Monthly Archives: February 2015

Marked.

Standard

This week is National Eating Disorder Awareness week in the United States.  I came across an article this week about two British parents who got matching tattoos on their legs so their young daughter would not have to feel bad about her natural birthmark.  You can read the story here.  Scrolling through the many comments, there were a lot of negative comments about how the parents should allow their daughter to be unique and not be the same  as everyone else, some of these people had visible birthmarks of their own, but I would guess, many probably do not.  I do, and so do my two daughters.

The article does not specific as to what type of birthmark the child has, but the American Academy of Dermatology has a great description of different types of birthmarks.  I was born with a cafe-au-lait spot on my chin. I hated it growing up and I hated it even more when people would make comments about it; “Did you know you have chocolate on your face?”, “Can I pull you aside for a moment?  You have something on your face,”  or at makeup counters, “Would you like to shop for something to cover that up?”  I always wanted to make a some snarky comeback, but usually, as my Grandma Herron, taught me, I would remain polite and simply say, “I know it’s there, it’s a birthmark, it’s been there all my life.”  I’m also know that there were guys who would not date me simply because of my birthmark.

When my first daughter was born, she started to show a hemangioma under her nose shortly after birth.  Hemangioma’s are non-cancerous blood tumors that grow for years but eventually start shrinking and may go away.  However, in the case of my daughter, her hemangioma grew large enough that by 2 months, it was blocking her nasal airway, making giving her breathing difficulties, and was also growing into her mouth, affecting her ability to eat.  At three months, she was taken to Children’s hospital and began therapy with the beta-blocker Propranolol, and her hemangioma began to shrink over a year’s time, at three she had laser surgery to take some of the remaining red out of her birthmark.  You can read more about Propranolol therapy for hemangiomas here.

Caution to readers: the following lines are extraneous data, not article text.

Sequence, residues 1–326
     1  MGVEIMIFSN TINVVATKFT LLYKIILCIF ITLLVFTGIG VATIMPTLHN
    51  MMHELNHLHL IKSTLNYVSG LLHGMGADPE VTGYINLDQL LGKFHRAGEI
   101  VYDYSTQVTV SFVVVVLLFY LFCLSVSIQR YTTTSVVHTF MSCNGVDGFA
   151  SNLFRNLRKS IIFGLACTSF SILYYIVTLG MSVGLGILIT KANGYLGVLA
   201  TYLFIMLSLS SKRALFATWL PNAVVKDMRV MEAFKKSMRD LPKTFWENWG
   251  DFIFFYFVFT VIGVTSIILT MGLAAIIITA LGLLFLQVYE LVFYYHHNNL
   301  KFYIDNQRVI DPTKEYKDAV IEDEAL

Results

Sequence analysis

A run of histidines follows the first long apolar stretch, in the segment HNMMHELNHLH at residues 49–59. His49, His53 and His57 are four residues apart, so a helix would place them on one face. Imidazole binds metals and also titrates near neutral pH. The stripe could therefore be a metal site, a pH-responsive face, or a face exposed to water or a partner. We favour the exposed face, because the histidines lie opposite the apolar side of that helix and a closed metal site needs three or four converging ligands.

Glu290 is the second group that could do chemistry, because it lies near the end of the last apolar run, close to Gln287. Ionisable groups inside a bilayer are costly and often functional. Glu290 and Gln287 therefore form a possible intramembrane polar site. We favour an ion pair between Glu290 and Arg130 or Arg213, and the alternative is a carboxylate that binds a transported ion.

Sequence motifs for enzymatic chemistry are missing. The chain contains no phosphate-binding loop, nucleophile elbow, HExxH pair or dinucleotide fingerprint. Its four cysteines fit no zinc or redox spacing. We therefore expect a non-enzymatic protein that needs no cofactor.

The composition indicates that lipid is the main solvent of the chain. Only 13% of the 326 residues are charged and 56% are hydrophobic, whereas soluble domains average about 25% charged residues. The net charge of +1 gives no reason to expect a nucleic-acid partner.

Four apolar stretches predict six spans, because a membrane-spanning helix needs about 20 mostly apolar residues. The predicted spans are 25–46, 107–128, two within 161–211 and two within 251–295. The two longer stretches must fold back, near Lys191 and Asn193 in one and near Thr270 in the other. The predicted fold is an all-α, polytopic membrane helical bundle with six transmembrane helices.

It was a difficult time for me that first year of her life, there were non-stop comments about the birthmark on her face, really nasty comments, usually from adults; and they came everywhere we went, restaurants, in the check out line at the grocery store, even at church.  My second daughter was also born with a small birthmark that is not as visible on her forehead.

What are the chances that both of my daughters would end up with birthmarks on their face just like their mother?  I have no idea, I’m not a mathematician.  What I do know is that I was able to sympathize with them, because I had been there, which is probably what the British parents are attempting to do.  When my daughter got to the age where she was talking and understood what people were saying to her, she would ask about her birthmark, and I would respond that it was her “special spot” put on her face when God created her, just like God put a special spot on my face when he created me.